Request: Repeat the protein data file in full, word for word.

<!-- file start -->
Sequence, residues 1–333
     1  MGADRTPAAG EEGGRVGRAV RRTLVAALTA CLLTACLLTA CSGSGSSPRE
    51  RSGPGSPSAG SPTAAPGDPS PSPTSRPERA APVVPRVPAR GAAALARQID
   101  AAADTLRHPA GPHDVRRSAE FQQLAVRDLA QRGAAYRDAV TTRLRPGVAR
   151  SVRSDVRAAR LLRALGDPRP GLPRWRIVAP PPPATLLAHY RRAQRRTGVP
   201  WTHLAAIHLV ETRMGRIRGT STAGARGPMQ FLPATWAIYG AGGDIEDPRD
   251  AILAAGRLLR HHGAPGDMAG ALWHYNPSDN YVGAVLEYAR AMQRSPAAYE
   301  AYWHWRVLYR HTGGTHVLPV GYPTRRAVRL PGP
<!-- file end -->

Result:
Sequence, residues 1–333
     1  MGADRTPAAG EEGGRVGRAV RRTLVAALTA CLLTACLLTA CSGSGSSPRE
    51  RSGPGSPSAG SPTAAPGDPS PSPTSRPERA APVVPRVPAR GAAALARQID
   101  AAADTLRHPA GPHDVRRSAE FQQLAVRDLA QRGAAYRDAV TTRLRPGVAR
   151  SVRSDVRAAR LLRALGDPRP GLPRWRIVAP PPPATLLAHY RRAQRRTGVP
   201  WTHLAAIHLV ETRMGRIRGT STAGARGPMQ FLPATWAIYG AGGDIEDPRD
   251  AILAAGRLLR HHGAPGDMAG ALWHYNPSDN YVGAVLEYAR AMQRSPAAYE
   301  AYWHWRVLYR HTGGTHVLPV GYPTRRAVRL PGP